The Biennale of Sydney this year is the 15th. It occurs every two years, as all biennales
do and this year starts on the 8th of June.
He says 'the fifteenth'. He means the fifteenth Sydney Biennale exhibition. There have been
14 held before this one. The date is the eighth of June. This date can be expressed like this:
June eighth June the eighth
Now listen for another use of an ordinal number in this clip about an art course held in an
So if we're looking at one of the paintings in this gallery in European art, where we're
looking at 19th-century paintings, we're talking about the paintings as they appear in the
She says: '19th century paintings'.
Ordinal numbers are used for centuries and are often written in numbers like this:
Of course, this refers to the 1800s, again usually written as a number: the 1800s.
So what do you call the present century?
I think that the strongest mark of 21st century culture is artists taking from every possible
place to realise their visions.
He says: '21st century culture'. The suffix 's-t' is used after 1 to represent the last
2 letters of 'first'.
Ordinal numbers are also used to refer to fractions.
You have the special fraction terms - half, third and quarter, but all other forms use
ordinal numbers as in this clip about the wind farm:
Six towers were erected in that time; these have the potential of generating one fifth
of Tasmania's power needs from wind energy.
'One fifth of Tasmania's power needs'.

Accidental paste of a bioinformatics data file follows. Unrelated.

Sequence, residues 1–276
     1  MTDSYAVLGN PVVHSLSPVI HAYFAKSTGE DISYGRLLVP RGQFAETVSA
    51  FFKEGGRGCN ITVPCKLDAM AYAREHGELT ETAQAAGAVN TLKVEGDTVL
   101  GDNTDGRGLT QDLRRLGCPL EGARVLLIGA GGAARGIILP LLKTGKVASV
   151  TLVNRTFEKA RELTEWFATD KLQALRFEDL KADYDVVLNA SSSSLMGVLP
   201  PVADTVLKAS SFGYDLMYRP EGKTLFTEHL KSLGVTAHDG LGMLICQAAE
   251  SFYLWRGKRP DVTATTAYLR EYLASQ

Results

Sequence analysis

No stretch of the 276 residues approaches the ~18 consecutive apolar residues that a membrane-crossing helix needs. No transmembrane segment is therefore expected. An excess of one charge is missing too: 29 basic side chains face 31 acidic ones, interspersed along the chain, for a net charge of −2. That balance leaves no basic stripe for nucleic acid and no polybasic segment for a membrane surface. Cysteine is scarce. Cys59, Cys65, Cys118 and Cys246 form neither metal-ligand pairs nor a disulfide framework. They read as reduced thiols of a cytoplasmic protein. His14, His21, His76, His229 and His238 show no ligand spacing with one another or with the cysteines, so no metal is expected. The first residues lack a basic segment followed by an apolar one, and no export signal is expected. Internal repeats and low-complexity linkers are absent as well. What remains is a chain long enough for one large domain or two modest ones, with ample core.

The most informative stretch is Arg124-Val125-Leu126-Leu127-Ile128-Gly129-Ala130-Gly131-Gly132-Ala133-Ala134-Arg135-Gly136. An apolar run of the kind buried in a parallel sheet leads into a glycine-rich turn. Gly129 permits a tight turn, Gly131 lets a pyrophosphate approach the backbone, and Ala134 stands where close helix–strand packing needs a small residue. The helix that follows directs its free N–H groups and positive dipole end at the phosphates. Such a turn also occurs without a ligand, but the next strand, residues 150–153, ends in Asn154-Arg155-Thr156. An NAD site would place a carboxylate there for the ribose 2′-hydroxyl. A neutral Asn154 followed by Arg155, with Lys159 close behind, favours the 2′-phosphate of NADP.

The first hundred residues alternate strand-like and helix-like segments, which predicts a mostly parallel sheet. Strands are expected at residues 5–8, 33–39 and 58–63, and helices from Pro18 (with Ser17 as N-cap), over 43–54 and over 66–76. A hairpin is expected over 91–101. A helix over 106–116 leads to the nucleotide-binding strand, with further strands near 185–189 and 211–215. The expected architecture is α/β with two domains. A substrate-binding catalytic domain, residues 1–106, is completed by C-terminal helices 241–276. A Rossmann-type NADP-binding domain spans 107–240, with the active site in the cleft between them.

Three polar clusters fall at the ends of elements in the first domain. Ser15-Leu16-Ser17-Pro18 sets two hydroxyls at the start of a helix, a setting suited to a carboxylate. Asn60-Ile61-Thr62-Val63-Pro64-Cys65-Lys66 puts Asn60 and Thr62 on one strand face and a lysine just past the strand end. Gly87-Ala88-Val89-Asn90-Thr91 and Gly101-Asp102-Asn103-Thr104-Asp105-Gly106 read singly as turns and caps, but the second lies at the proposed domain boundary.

Plural fractions take a plural form, for example: two fifths. Fractions are followed by 'of':
one fifth of. And a noun group which refers to the whole: one fifth of Tasmania's power
Another type of fraction is percentage. For example, 'one-quarter' (1/4) can be expressed
Let's listen for the percentage used in this clip about an oyster farm:
It takes approximately 2 to 2 and a half years to get the oysters up to size and sold to
the market. From this farm we've averaged about 15% of the market for export and that
goes to Hong Kong and Japan.
'fifteen percent of the market'.
Percentages have the same structure as fractions, 'of' and a noun group: Fifteen percent of
the market for export.
Yet another way of talking about parts of numbers is decimals.
Listen to how they're used in talking about wind turbines:
It's quite a large structure. 1.75 megawatts generated by each unit.
Electrical power is measured in 'watts'. One megawatt is one million watts.
You say one point seven five, but write it in numbers with a decimal point: 1.75.
A decimal is usually followed by a plural noun: '1.75 megawatts'
Now let's listen to a furniture maker talk about the thickness of the veneer, or layer
of wood he puts on his furniture. Is his veneer thicker than the old fashioned sort?
Today we're using sophisticated ways of putting our construction of our furniture. We use
a lot of veneers and those veneers aren't the old-fashioned .06 of a mil, they're about
a 6 mil veneer and they're laid up on MDF and they have a solid frame.
His veneers 'aren't the old-fashioned .06 of a mil'. They're 'about a 6 mil veneer'.
They're much thicker.
'Point 06 of a mil' is a decimal figure. It's less than one. Mil is short for millimetre.
Notice that he says it like a fraction - point 06 of a mil.
Usually you say point 06, although you will sometimes hear point zero six.
That's all for today.